Once you’ve finished painting the bike frame, the masking tape will be removed without any sticky residue remaining on the unpainted parts of your bike.
Newspapers and bags can also be used with masking tape to cover areas that shouldn’t be painted.
Step Seven: Suspend the Bike Upside Down
To properly paint your bike, you’ll need to hang your bicycle upside down. Ultimately, the method you use to hang your bike upside down depends on whether you’re painting the bike indoors or outdoors.
NOTE: You should only use a properly ventilated garage or room when painting the bike indoors.
The easiest way to suspend your bike upside down is by using a bike mount or rack. If you have a wall rack installed, it can be used in the garage or an outdoor wall to suspend your bike.
Suspending your bike is essential as it will allow you to paint all the parts of your bike without missing any spots.
Step Eight: Apply A Primer Coat
Before applying your main paint coat, apply a primer coat to the bike frame. Ultimately, the primer functions as a protective layer on the frame. The primer will also ensure that the paint lasts longer.
TIP: To avoid inhaling any fumes, wear an N-95 mask while applying the primer.
The primer you use should be rated for use on bicycle frames that are made of:
- stainless steel
Use slow motions when applying the primer. This will ensure the primer is consistently applied and prevents air bubbles on the surface of the bike frame.
The primer should fully dry before proceeding with these next steps.
Step Nine: Spray Paint Your Bike
Once the primer coat is finished drying, it’s time to spray-paint the bike frame!
When spray painting a bike, you should stick to one brand of paint. Mixing multiple different brands could result in adverse reactions when the paint dries. Luckily, many great spray paints are suitable for bikes in various colors and finishes.
While spray painting the suspended bike, hold the canister at least one foot away from the frame. Like applying the primer, you should use motions that are:
You should also maintain consistent pressure on the spray paint trigger. The base coat should dry for at least thirty minutes before you apply a second coat of spray paint.
Step Ten: Apply A Clear Topcoat
Once your second coat of spray paint has dried for at least thirty minutes, you can start applying your clear topcoat. Ultimately, this coat is responsible for protecting the spray-painted frame from:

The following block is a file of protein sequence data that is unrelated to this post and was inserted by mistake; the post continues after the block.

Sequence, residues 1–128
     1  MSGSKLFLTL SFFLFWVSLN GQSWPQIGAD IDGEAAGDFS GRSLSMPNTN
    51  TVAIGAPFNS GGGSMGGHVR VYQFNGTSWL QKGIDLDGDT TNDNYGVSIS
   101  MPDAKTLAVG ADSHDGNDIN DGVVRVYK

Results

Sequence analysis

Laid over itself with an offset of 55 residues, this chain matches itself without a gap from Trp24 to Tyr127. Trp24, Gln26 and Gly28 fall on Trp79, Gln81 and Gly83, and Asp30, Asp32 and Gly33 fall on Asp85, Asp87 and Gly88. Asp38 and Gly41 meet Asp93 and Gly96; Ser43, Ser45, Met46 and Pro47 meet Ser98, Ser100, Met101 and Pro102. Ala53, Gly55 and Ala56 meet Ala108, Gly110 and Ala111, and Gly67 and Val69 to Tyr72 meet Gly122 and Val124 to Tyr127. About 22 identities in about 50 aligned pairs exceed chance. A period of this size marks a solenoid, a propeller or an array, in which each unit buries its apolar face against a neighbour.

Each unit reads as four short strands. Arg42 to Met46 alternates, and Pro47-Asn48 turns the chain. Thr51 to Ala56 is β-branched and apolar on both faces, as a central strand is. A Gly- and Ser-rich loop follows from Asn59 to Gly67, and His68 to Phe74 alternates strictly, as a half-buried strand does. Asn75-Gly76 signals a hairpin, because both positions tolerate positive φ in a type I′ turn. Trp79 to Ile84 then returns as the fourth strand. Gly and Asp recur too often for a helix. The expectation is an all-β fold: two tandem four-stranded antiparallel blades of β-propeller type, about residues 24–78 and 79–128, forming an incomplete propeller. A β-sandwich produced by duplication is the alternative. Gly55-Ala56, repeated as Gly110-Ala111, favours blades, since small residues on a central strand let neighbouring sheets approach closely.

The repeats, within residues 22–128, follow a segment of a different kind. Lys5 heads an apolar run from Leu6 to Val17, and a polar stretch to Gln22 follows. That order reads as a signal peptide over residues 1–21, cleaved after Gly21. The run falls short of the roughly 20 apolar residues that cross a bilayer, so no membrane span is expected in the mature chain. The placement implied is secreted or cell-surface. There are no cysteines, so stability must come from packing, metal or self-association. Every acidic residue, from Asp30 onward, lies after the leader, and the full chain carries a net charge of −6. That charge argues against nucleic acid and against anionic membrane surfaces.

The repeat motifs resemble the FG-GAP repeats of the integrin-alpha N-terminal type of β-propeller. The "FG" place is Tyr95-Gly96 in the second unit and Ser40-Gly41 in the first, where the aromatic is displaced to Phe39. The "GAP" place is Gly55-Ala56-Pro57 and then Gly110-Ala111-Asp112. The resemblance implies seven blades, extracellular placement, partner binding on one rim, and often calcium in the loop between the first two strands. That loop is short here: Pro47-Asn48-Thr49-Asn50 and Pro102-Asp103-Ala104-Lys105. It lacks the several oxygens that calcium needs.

- weather-related damage
For full protection from these elements, you should apply between two and three clear coats on top of the spray paint coats. Once again, you should use smooth motions when applying the clear coats, and let the bike frame dry for thirty minutes between each clear coat.
Step Eleven: Let Your Bike Dry
Unfortunately, it’s going to take longer than thirty minutes for your bike to dry fully. Once you’ve finished painting your bike, wait at least twenty-four hours for the different paint coats to dry fully.
If you want to speed up your bicycle drying, you can use a hairdryer on your bike frame. Using a hairdryer will cause the water to evaporate faster, allowing the paint to dry fully.
Step Twelve: Remove Any Coverings
Once the bicycle has finished drying, remove the masking tape covering the areas that weren’t painted. After these coverings are removed, you’ll be able to properly appreciate your bike’s updated and refreshed look.
You’re now ready to hop on your new old bike for a ride that’s sure to turn some heads! If you decide to repaint the bicycle at some point in the future, use these same steps to upgrade your bike’s look again!
To paint your bicycle without needing to take it apart, you’ll need to start by prepping your bicycle. Once you’ve removed any stickers and rust, you can sand and clean the bike frame.
Then cover any areas that shouldn’t be painted before proceeding to apply the primer coat. After applying two coats of spray paint, you’ll be ready to apply your final clear topcoats to protect your bike from scratches and weather-related damage. Now, look at your beautiful bicycle!